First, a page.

In America, most babies are still delivered by an OB/GYN. In almost every other country, midwives, both male and female, deliver most children, with OB/GYNs only involved when complications occur. According to Oakes-Sand, American women fear birth and labor pain more than women in other cultures. She pointed to a study in which scientists asked women in Japan whether they were afraid of childbirth, and their responses indicated that they seemed surprised that anyone would be. Describing her sense of the prevailing attitude in Japan, she said, “I might be afraid of a tsunami, or a volcano, but birth? Why would I be afraid of birth?”
For many American women, childbirth is pathologized—an event of hospitals, screaming, and white-coated doctors. “We are taught to fear pain,” practicing nurse midwife Michelle Telfer said, “but labor pain is different.” Many OB/GYNs try to eliminate pain with epidurals, which numb women from the waist down. Though midwives offer epidurals, they prefer to use alternative methods of pain management. “It doesn’t mean she has to go through it unmedicated,” said Telfer, “but our bodies work, and it can be a very powerful experience for women to go through that process.” Back in the labor room, Degennaro pointed to a tank of nitrous oxide, or laughing gas, which some women use to alleviate pain and relax. Animatedly, she told of one woman’s birthing process in which, “We laughed her baby out.”
“Laughing a baby out” constitutes a radically different image than the conventional one of an American soon-to-be-mom: sweat-drenched, screaming, flat on her back. Looking around at the props in the labor room, giving birth with a midwife seems more like a new exercise class fad than The Most Painful Experience Ever.
Yale’s health care plan does not cover birth through midwifery for undergraduates, graduate students, or faculty. The only option available under the Yale health plan is an OB/GYN birth. Among American health care plans, this is fairly common.
Still, the ubiquity of OB/GYN births in the United States can come as a shock to people from other countries—most international health care plans do cover midwifery care. At Yale, Telfer said, the response of many foreign faculty and graduate students is, “What do you mean, we don’t have midwife care?”
When I met Sarah, a young Israeli doctoral student, she was bouncing her nine-month-old daughter, cooing to her. Sarah, whose name has been changed at her request, delivered her daughter with an OB/GYN via cesarean section. As C-sections go, she said, she had the best possible experience, but she would have preferred a vaginal delivery.
Though these procedures are routine and low-risk, a cesarean section is, as Telfer described it, “major abdominal surgery” that should be used only as a last resort. The CDC reports that 32.7 percent of American women gave birth via C-section in 2013, more than double the recommended regional rate of the World Health Organization. As one nurse, who wished to remain anonymous, said, the mindset of many in the medical field is such that “one intervention”—such as an epidural—“leads to another,”—such as an episiotomy, the cutting of the vagina to allow the baby more room—“to another,”—a C-section. Midwives, who generally employ fewer interventions, have C-section rates of six percent.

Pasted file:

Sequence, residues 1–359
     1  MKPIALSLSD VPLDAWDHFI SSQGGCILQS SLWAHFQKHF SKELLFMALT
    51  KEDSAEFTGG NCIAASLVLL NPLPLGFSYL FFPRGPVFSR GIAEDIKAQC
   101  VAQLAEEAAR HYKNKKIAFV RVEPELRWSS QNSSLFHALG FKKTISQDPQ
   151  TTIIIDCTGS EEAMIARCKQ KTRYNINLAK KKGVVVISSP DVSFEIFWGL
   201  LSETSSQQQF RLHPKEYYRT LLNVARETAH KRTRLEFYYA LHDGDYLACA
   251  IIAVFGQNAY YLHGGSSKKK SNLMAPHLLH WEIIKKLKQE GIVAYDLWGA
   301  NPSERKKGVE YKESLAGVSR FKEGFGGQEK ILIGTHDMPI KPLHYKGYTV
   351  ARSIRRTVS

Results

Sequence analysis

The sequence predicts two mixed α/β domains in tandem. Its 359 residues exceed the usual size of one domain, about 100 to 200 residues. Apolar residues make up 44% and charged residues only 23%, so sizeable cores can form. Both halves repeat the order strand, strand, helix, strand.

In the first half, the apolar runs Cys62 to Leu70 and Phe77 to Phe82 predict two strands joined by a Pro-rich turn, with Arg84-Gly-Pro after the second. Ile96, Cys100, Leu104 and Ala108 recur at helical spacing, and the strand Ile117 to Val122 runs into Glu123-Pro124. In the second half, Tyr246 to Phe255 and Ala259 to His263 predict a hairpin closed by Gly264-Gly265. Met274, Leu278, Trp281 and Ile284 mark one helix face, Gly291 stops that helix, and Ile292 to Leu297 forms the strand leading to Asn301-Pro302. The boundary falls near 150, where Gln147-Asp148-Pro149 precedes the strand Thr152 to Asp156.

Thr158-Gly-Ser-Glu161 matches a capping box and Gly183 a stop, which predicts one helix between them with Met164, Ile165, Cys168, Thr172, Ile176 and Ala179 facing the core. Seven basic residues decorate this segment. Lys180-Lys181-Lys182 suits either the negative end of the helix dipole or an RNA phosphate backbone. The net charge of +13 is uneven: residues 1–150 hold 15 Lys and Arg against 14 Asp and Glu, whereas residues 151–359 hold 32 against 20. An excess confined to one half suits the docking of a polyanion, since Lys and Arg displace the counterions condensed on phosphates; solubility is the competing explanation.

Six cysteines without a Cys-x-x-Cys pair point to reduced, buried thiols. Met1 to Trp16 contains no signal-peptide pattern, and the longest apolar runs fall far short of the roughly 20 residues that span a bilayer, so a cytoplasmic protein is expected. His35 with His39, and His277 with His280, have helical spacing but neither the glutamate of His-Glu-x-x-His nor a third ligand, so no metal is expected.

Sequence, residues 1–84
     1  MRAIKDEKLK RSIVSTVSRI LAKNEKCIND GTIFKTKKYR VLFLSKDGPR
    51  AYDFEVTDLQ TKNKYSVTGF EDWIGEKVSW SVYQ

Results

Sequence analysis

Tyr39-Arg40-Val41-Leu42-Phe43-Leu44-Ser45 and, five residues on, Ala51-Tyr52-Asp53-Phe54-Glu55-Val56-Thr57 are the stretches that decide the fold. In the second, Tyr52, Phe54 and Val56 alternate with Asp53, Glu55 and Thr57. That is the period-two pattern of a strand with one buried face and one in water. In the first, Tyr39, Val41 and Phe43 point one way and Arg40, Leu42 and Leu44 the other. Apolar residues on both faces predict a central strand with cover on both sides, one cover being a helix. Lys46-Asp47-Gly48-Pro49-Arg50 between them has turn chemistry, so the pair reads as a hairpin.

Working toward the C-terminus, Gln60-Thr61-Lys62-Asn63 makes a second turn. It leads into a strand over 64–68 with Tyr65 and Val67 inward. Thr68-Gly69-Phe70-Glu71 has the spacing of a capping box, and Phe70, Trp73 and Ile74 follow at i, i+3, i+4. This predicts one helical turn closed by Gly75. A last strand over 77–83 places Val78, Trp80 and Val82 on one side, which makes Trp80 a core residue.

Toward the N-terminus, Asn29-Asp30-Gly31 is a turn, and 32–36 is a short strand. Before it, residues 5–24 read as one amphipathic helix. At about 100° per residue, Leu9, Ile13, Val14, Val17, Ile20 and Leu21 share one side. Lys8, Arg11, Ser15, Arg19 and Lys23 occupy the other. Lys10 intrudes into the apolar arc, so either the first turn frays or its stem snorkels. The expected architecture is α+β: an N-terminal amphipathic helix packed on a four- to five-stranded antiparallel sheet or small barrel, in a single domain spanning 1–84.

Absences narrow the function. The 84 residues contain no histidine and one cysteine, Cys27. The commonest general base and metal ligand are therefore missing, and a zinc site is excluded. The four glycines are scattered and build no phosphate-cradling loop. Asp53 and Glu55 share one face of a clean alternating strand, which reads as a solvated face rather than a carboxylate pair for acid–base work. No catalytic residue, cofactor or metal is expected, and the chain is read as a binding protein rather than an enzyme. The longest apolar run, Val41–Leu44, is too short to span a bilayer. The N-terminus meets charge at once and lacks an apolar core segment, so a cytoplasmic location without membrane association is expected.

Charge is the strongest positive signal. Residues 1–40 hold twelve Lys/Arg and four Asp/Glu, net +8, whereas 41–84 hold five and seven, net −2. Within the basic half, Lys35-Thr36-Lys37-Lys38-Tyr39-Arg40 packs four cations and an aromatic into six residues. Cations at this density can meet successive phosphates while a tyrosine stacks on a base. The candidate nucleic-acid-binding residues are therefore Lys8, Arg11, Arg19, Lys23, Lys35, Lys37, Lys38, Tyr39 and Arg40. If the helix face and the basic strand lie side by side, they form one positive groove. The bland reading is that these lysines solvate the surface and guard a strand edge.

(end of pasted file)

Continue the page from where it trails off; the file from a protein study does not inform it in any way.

Sarah believes that she could have avoided a C-section had she worked with a midwife. “I just thought the C-section was unnecessary,” she said, shrugging. “I had perfect conditions: I am big, I had a small baby, I had full dilation. I pushed and pushed and pushed and for three hours, she didn’t come out. I am sure that if I would have been moving…” Sarah trailed off. But believes that the alternative tactics of midwifery, like walking, would have allowed her to give birth vaginally.
“our bodies work and it can be a very powerful experience for women to go through that process.”
Women and couples covered by the Yale Health Plan seeking midwife care have two options: give birth with an OB/GYN or pay out of pocket. This often proves too costly—according to the pregnancy website What to Expect, a birthing center birth costs about three thousand dollars. Telfar explained that many of her patients who pay out of pocket choose a home birth, which can cost as little as fifteen hundred dollars. “It’s cheaper overall,” she said, “but for women who don’t feel comfortable with that, they don’t have much of an option.”
“I would have come here, [to the midwifery ward] if it had been covered,” Sarah said. “I tried. I asked if I can, they said no, and so I just accepted it.” Sarah intends to purchase another health care plan to have her next child at St. Raphael’s midwifery department.
Though women like Sarah turn to midwives to gain more control over their births, midwifery remains unpopular among New Haven residents and Americans alike—hence the need for tours like the one in October. As I packed my camera away and readied myself to leave, nurse-midwife Melanie Albright shrugged. “We help them write their own stories,” she said of the mothers she and the other Yale midwives have helped. “Anything we can do to get the word out.” With that, she turned to show another small group around the floor.
*A previous version of this article incorrectly stated that mothers could give birth in labor tubs.